An extraordinary shambles in Brussels
For so important a meeting, it’s an incredible shambles here in Brussels. Many reporters came in anticipation of real figures being deployed in a package of solutions to the eurozone crisis.
But it could be that tonight will see a conclusion of the summit of eurozone leaders without a serious figure in sight.
It seems more likely that economics will give way to politics, and politics will speak of the parameters that an eventual economic solution will adhere to.
The Germans have succeeded in preventing the European Central Bank from becoming a dumping ground for euro-debt which can be used and abused to Germany’s cost. Chinese and Brazilian sovereign funds seem to be in play, together potentially with a much bigger IMS involvement.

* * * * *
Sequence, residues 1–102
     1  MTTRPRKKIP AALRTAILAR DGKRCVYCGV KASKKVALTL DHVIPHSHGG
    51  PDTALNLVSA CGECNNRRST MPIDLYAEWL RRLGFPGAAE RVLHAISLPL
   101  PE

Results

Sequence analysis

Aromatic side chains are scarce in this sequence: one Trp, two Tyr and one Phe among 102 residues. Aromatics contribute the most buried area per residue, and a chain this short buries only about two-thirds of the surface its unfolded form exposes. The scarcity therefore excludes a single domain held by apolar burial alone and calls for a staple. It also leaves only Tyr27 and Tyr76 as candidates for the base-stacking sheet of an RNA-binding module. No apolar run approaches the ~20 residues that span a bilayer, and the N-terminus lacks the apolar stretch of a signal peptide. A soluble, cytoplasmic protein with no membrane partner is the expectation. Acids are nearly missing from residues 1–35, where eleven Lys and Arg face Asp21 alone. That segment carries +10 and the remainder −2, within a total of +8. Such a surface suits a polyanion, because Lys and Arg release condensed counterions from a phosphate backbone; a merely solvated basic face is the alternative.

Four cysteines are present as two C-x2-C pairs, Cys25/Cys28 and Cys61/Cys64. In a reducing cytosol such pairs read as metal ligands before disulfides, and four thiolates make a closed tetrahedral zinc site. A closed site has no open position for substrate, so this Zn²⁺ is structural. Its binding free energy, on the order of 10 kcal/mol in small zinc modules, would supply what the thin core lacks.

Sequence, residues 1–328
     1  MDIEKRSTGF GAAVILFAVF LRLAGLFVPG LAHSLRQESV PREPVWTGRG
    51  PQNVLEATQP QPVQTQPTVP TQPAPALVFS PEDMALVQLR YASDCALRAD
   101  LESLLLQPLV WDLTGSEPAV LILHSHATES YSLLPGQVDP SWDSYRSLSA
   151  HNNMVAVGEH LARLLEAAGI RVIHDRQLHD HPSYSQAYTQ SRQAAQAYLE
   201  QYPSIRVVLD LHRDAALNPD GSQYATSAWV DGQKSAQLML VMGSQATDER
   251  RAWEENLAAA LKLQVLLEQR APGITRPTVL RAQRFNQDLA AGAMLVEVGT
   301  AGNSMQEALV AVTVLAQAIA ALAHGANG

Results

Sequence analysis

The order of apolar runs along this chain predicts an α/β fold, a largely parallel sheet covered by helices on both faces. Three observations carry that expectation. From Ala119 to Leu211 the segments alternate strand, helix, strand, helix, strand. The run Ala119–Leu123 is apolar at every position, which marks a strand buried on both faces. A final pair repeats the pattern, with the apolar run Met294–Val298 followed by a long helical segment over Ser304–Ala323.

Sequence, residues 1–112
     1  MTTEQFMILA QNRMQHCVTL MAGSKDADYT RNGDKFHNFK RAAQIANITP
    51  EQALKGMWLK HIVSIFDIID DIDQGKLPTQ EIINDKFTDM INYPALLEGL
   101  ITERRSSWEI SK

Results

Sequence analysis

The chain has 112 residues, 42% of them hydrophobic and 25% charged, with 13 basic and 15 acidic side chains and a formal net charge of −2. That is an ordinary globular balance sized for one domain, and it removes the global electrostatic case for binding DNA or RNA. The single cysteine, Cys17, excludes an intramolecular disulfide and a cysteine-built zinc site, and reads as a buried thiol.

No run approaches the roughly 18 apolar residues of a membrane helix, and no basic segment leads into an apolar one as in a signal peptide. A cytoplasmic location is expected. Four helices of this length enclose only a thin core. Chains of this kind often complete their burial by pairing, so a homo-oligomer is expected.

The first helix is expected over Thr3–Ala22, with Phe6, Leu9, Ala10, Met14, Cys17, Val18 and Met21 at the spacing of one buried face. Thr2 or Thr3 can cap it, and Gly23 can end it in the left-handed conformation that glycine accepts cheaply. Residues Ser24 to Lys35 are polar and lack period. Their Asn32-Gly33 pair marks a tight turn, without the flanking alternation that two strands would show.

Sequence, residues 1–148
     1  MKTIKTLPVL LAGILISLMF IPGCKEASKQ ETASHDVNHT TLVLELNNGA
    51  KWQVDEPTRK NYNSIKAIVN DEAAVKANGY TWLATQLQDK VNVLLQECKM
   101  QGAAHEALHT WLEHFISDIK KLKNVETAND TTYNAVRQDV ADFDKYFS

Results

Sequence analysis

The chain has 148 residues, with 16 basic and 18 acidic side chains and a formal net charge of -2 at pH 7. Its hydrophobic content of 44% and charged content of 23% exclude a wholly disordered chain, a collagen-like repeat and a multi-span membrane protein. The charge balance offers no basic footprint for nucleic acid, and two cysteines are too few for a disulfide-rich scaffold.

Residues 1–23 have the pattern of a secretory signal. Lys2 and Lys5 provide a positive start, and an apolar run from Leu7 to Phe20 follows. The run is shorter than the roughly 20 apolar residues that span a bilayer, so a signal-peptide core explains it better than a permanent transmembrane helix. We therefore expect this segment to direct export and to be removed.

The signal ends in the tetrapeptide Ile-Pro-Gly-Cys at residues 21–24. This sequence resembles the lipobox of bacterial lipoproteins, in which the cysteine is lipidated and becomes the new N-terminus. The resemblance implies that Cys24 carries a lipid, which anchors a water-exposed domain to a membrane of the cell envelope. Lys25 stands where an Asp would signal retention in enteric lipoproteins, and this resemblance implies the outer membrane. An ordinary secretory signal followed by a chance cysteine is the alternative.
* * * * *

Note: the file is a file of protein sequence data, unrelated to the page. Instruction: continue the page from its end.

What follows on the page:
David Cameron is here, but without any voice in the euro deliberations. And actually, Britain stands to have to contribute more through its IMF membership.
It’s a funny old world. The meeting started half an hour late, is said to be going to last an hour, and then they have dinner – and then they go home.
If we are still here at four in the morning, one of two things is happening: either there is a desperate bid to stave off a total breakdown or there is a desperate bid to clinch a deal, against all expectations.
It’s amazingly tense, the Germans and the French calling the shots and the Italians swimming around, looking for any sort of flotsam to cling onto as their own political and economic crisis deepens by the hour.
It is extraordinary, being a bystander at such an event.
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